True story: When a train on the Trans-Mongolian Railway crosses from Mongolia into China, it must stop and have all of its wheel assemblies replaced. Why? Because the track gauge (distance between the rails) is 1520 mm in Mongolia and 1435 mm in China. Oops!
The rail industry realized long ago that, unless it settled on a standard, costly scenarios like this would repeat themselves ad infinitum. As a result, some 60% of railways worldwide, including those in China, now use standard gauge, ensuring greater interoperability and efficiency.
The in-car infotainment market should take note. It has yet to embrace a standard that would allow in-car systems to interoperate seamlessly with smartphones, tablets, and other mobile devices. Nor has it embraced a standard environment for creating in-car apps and user interfaces.
Of course, there are existing solutions for addressing these issues. But that's the problem: multiple solutions, and no accepted standard. And without one, how will cars and mobile devices ever leverage one another out of the box, without a lot of workarounds? And how will automakers ever tap into a (really) large developer community?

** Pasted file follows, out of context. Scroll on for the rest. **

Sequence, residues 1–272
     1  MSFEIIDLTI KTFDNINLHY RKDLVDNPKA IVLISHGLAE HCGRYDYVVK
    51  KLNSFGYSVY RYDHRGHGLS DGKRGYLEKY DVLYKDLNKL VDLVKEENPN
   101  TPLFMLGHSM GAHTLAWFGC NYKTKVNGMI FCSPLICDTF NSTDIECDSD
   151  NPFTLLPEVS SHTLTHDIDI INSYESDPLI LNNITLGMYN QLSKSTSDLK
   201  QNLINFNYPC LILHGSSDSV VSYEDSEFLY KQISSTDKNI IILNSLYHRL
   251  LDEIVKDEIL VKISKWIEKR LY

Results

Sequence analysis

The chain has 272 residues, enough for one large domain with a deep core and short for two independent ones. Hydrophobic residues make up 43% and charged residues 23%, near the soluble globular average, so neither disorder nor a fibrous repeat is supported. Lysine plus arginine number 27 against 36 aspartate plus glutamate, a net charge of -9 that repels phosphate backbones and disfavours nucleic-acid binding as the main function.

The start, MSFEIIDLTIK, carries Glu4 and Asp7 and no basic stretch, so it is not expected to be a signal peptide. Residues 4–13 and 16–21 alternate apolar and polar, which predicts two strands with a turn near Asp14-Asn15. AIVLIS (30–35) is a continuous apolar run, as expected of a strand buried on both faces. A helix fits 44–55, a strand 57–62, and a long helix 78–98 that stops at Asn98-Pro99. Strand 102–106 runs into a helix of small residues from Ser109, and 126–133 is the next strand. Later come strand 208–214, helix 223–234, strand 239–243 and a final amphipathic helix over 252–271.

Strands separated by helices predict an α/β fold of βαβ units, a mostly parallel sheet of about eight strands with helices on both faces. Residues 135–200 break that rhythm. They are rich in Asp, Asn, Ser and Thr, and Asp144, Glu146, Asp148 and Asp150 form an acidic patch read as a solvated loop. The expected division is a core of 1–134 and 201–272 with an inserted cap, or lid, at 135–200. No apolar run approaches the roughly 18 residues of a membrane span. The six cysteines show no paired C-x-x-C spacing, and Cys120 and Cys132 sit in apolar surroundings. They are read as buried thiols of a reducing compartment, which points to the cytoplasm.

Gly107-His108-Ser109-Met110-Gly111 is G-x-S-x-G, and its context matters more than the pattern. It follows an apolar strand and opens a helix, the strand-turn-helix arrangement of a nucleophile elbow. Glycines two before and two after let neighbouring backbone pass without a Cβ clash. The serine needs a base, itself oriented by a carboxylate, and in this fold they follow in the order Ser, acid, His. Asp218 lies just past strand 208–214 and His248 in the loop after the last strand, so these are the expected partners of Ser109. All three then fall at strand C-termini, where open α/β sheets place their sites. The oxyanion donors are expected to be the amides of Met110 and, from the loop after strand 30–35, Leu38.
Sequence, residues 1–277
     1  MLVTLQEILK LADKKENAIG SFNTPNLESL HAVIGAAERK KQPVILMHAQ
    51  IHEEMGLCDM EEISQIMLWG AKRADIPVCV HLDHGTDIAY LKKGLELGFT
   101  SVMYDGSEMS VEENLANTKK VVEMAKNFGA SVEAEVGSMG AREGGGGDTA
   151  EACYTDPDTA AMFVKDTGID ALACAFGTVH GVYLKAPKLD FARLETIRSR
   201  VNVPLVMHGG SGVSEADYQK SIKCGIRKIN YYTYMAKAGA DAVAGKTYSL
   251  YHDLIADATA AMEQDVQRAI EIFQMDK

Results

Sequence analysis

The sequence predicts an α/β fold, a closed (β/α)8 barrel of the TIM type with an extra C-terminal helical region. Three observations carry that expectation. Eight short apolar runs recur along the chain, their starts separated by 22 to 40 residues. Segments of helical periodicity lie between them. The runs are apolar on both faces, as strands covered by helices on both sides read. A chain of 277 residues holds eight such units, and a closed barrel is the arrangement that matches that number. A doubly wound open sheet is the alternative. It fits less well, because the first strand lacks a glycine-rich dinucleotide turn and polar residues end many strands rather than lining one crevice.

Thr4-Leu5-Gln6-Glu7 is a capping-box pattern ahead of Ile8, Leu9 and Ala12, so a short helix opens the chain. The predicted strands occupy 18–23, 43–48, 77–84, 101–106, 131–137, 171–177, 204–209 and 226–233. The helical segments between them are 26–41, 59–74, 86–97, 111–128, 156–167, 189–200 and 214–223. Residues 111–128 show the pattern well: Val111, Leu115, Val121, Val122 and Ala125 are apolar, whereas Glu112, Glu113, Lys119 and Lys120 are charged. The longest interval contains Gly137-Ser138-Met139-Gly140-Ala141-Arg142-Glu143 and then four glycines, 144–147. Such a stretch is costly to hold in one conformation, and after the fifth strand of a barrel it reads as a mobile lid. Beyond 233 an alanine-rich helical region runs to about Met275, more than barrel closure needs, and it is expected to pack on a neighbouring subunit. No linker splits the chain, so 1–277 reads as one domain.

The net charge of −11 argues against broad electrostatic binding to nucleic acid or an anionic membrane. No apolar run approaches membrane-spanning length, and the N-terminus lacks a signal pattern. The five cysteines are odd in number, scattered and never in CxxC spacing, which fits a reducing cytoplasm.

No standard means more market fragmentation — and more fragmentation means less efficiency, less interoperability, and less progress overall. Who wants that?
Is HTML5, which is already transforming app development in the desktop, server, and mobile worlds, the standard the car infotainment industry needs? That is one of the questions my colleague, Andy Gryc, will address in his seminar, HTML5 for automotive infotainment: What, why, and how?. The webinar happens tomorrow, November 15. I invite you to check it out.
This post originally appeared in the QNX auto blog.